Training benefits bottom line even in slump

PUBLISHED : Tuesday, 10 November, 2009, 12:00am
UPDATED : Tuesday, 10 November, 2009, 12:00am

Certain employers in Hong Kong have no doubt concluded that the best way to get through the recession is to cut costs everywhere, forgetting that sometimes you have to spend one dollar in order to save two. This is especially true in the area of training because, while there may appear to be an immediate bottom-line benefit from cutting programmes, this can often turn out to be a false economy.

'In face of the economic downturn, companies had to tighten their budgets in an effort to maintain profitability,' said Raymond Ng, chief operating officer of GS1 Hong Kong.

'For some, one of the first things to cut was training, but this is much more than an avoidable expense. It is an effective tool for companies to improve their performance, stay competitive and maintain their competitive edge in the long run.'

Illustrating the point, he said that seminars and briefings run by GS1 Hong Kong could help companies that managed all or part of a supply chain to achieve lower operational costs and higher levels of efficiency.

For example, organisations can sign up for a workshop on the Supply Chain Operations Reference (SCOR) model, and for a certified SCOR professional programme. The basic model is recognised worldwide as a diagnostic tool to enhance the efficiency of transport and logistics. Devised originally by the Supply-Chain Council in the United States in 1996, it is regularly updated and is now into a ninth version, incorporating information about the latest technology and thinking.

Many multinationals are known to employ the SCOR model, including McDonald's, Coca-Cola and Procter & Gamble. The concept was officially launched in Hong Kong in 2004, thanks to co-operation between the then newly formed Supply Chain Council - Greater China Chapter and GS1 Hong Kong.

In essence, the SCOR model sets out categories of key performance indicators. These relate to things such as the reliability, responsiveness and continuing costs of the supply chain, and the criteria used are broadly applicable across many different industries.

Apart from providing a framework to identify, assess and tackle supply-chain related problems, the model also provides guidelines for introducing and applying best practices. The area of process improvement includes values and principles such as the popular 'theory of constraint' and the Six Sigma approach to improving a company's internal management functions.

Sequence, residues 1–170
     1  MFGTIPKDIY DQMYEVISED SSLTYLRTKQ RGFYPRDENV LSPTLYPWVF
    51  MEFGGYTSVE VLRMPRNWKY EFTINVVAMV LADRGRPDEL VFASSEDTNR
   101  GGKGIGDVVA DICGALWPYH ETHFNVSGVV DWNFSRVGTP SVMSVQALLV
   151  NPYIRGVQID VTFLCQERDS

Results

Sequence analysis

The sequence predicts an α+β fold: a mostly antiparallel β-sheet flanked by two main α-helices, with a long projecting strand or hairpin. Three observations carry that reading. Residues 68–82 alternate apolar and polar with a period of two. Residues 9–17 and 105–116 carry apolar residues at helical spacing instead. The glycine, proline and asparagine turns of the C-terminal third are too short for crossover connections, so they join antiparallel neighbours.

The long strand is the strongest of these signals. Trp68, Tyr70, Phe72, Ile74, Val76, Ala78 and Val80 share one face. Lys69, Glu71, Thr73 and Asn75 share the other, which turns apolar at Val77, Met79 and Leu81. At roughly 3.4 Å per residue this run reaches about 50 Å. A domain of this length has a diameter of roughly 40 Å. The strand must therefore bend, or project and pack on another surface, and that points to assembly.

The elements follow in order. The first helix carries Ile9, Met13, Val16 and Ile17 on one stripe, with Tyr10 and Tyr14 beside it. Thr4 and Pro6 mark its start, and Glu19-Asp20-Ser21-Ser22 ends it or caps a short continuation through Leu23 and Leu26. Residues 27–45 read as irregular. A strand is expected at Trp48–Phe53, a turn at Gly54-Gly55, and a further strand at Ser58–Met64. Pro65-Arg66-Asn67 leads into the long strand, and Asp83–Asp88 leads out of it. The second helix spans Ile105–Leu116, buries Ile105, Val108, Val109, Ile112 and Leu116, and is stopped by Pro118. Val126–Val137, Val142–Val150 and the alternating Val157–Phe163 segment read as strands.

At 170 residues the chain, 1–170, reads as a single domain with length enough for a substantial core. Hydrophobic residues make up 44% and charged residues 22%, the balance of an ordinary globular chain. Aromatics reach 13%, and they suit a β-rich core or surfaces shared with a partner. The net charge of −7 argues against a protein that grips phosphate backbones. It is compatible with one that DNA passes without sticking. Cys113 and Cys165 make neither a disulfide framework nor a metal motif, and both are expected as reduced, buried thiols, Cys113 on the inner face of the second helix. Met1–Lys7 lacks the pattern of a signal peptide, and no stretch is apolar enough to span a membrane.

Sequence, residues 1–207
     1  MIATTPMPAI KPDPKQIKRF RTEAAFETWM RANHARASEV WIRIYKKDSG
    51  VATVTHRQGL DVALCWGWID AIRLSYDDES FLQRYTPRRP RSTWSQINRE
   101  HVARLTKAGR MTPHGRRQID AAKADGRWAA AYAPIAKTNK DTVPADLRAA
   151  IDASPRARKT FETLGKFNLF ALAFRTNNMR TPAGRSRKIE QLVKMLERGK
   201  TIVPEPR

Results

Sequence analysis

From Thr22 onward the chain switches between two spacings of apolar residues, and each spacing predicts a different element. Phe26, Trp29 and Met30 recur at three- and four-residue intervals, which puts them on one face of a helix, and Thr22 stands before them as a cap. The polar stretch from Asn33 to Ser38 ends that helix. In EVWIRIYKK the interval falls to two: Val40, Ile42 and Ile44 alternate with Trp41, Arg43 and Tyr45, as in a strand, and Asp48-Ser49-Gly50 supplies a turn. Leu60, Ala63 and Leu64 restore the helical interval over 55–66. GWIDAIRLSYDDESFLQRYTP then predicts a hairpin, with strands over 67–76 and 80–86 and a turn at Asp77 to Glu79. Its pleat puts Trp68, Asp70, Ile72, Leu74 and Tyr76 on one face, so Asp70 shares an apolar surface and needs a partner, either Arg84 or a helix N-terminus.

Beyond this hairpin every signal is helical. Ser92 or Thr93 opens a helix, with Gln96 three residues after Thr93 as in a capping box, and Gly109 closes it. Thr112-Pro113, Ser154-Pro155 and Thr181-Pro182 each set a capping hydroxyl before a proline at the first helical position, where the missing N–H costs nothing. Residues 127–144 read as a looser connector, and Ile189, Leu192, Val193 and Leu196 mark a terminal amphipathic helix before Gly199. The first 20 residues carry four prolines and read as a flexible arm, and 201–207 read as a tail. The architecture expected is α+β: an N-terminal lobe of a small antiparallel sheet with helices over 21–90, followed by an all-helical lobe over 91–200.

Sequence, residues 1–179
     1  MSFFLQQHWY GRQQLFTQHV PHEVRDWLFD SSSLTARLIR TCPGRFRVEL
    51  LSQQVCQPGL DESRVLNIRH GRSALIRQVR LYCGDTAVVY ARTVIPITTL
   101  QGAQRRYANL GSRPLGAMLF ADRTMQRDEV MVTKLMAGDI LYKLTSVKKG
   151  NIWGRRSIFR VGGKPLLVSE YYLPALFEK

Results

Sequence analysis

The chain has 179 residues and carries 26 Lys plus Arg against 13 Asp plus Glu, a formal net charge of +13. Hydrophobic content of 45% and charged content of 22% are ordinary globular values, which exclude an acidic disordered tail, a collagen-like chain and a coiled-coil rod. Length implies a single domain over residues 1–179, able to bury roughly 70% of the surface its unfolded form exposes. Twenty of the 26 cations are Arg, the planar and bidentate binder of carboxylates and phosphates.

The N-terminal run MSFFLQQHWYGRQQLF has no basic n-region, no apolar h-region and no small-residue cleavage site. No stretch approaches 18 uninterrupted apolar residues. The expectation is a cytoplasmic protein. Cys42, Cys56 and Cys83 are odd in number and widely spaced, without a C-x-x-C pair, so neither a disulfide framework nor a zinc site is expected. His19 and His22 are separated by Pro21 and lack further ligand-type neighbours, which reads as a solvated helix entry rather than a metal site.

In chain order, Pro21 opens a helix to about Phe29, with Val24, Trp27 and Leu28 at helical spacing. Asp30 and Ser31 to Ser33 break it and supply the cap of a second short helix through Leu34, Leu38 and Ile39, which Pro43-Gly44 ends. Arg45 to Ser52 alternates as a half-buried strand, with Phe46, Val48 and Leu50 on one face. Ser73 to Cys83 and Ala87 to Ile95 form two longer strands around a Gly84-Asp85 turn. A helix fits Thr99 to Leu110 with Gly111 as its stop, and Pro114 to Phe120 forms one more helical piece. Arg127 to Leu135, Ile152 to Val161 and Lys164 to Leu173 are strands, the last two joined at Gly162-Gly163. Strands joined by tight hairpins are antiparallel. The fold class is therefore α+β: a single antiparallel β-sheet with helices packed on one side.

Introductory briefings are available free of charge. The subsequent workshops that constitute the SCOR certification programme are set at HK$10,000 for GS1 Hong Kong members and HK$15,000 for non-members. After attending the workshops, individuals also need to pass an examination to receive the certification and to be duly accredited.

The programme is divided into two parts, each taking two days. The first focuses on understanding the importance of having a proper framework and provides examples of different ways to structure a supply chain operation. The second then covers more in-depth aspects of how to implement specific improvement projects and to monitor their impact on operational performance and general efficiency.

In the early days, many of the people attending the workshops were at senior management or director level in their respective companies. Looking ahead, though, the aim is to instruct mid-ranking and junior staff in the same principles so that employers can benefit more fully and individuals know exactly where to look for savings and tighter controls.

Rocky Yu, manager of professional services for GS1 Hong Kong, is encouraged that SCOR is now well established and winning adherents. One clear sign of this is that more small and medium-sized enterprises (SMEs) are sending their employees to attend the workshops and are putting the principles into practice.

'Local SMEs realise that well-known companies are now using SCOR, and if they want to conduct business with them, they have to learn how the big companies operate,' Yu said.

He said that a quick review of people enrolled in the briefings and workshops in the last year showed about 60 per cent were from the bigger organisations. This was not surprising but, given the large number of SMEs operating in Hong Kong, it was logical to expect the relative proportion of attendees would gradually shift.

In this respect, Yu detected 'plenty of interest' from staff working for SMEs, but was slightly concerned when their companies were not yet ready to commit the financial support to allow interested employees to complete the full programme. Therefore, it was essential to point out the potential medium-to-long-term gains for each company, which could be substantial.

It is also worth noting that the SCOR workshops receive support from the Vocational Training Council's New Technology Training Scheme. At a practical level, that means if a company enrols staff for the workshop, generous subsidies are available, usually equivalent to half the standard fee.

Ng added that GS1 Hong Kong was in no way forcing local companies to adapt to the SCOR model. Its intention was simply to promote the methodology and framework, making it clear that these helped to enhance employee skills and, at the same time, to generate cost savings through better all-round performance.

'We hope to educate companies, teach them how to benchmark against other similar firms and recognise areas that need improvement,' Ng said.